Tactical Analysis: Arsenal 2-4 Nottingham Forest

Arsenal’s defensive struggled under Arsene Wenger continued Sunday evening after conceding four goals to a Nottingham Forest without a permanent manager and struggling in the Championship. For the North London club, this result capped a disappointing month that saw Arsenal crash out of the FA Cup earlier than many imagined. With nine players rotated into the side after their recent 2-2 draw with Chelsea, Arsenal was missing the level of fluidity that can be seen in their traditional first eleven. Nottingham Forest’s tactical ingenuity and desire forced Arsenal into numerous uncomfortable defensive situations that they were unable to adapt to. Man of the match performances by Brereton and Lichaj capped off a performance that continues Arsenal’s slide into mediocrity.


Arsenal (4-3-3): Ospina // Maitland-Niles – Holding – Mertesacker – Debuchy (Akpom, 87’) // Willock (Nketiah, 65’) – Elneny – Iwobi // Nelson – Welbeck – Walcott
Nottingham Forest (4-2-3-1): Smith // Traore – Mancienne – Worrall (red card, 84′) – Lichaj // Vaughan – Osborn // Clough (Walker, 56’) – Dowell (Mills, 93’) – Cash (McKay, 87’) // Brereton

No Ozil, No Creativity

Departing from the back three, Wenger deployed a rotated 4-3-3, possibly to provide greater central protection in a makeshift defense. Elneny acted as the deepest lying midfielder with Willock and Iwobi tasked to act as shuttlers who would provide support to the attack. With Forest matching 3v3 in the midfield, central occupation was limited and struggled to penetrate their 4-5-1 defensive shape. Arsenal tried to take advantage of their pace and width by progressing down the flanks. Nelson, who roamed laterally searching for space, dynamically interchanged with Maitland-Nile’s numerous inverted runs. Forest struggled to cope with the speed on the left and tried to shadow cover the passing lines in their space-oriented press. Arsenal could have enjoyed better attacking sequences, however, heavy first-touches and miscontrolled passes by Nelson and Willock led to several failed moves.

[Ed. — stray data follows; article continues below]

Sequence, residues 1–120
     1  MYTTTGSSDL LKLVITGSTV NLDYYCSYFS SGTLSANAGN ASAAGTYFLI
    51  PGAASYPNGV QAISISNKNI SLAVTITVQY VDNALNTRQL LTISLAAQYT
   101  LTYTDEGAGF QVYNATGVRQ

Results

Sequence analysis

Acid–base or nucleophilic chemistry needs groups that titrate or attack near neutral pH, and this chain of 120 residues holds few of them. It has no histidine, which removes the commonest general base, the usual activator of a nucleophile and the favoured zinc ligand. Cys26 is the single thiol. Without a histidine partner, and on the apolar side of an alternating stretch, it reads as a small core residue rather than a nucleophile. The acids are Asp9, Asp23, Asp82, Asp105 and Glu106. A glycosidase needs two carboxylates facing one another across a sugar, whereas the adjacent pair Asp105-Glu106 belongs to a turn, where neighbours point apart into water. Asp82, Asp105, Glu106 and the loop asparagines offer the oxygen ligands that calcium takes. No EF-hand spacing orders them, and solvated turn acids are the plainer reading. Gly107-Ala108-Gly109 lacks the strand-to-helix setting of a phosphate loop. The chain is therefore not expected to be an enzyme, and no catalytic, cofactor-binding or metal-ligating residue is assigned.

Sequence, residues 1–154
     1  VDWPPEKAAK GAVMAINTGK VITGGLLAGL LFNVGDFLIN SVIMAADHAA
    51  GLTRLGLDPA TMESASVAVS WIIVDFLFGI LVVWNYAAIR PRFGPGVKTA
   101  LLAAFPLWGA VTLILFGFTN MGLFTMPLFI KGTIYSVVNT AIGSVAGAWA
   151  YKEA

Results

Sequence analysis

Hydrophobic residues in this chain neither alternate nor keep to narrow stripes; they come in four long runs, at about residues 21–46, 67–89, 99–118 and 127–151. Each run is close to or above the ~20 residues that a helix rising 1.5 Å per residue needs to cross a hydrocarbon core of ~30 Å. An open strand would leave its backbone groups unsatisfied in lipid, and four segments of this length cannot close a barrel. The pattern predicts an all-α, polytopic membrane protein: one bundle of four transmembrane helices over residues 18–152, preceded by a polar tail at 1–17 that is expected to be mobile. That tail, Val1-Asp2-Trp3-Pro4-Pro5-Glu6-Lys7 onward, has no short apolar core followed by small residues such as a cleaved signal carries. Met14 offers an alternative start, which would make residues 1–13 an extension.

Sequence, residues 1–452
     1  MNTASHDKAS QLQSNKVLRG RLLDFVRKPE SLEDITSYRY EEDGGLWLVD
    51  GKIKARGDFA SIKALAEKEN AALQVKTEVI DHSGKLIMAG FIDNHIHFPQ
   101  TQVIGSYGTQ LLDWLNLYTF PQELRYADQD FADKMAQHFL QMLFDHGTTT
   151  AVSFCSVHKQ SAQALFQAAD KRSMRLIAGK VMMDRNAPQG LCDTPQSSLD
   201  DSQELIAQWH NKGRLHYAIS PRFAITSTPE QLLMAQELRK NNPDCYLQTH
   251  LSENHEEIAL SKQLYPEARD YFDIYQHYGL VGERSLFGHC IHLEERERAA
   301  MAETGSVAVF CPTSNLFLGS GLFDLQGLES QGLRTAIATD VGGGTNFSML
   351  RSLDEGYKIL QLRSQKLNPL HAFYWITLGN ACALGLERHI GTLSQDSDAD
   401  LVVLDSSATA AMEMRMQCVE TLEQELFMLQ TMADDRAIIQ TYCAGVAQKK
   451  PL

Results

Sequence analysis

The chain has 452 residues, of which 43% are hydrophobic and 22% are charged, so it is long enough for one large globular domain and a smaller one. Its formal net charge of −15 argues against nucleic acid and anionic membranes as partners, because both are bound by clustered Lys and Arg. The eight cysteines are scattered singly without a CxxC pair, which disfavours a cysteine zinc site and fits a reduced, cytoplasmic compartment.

Arsenal preferred their buildup to occur down the left flank with Nelson and Maitland-Niles making several combination passes to open space for either to move into. Maitland-Niles, in particular, used his pace to attack the half-spaces with inverted runs that created miscommunication between the central and wider midfielders. Willock’s positioning forces his defender sit higher up, giving space for the left back to move into.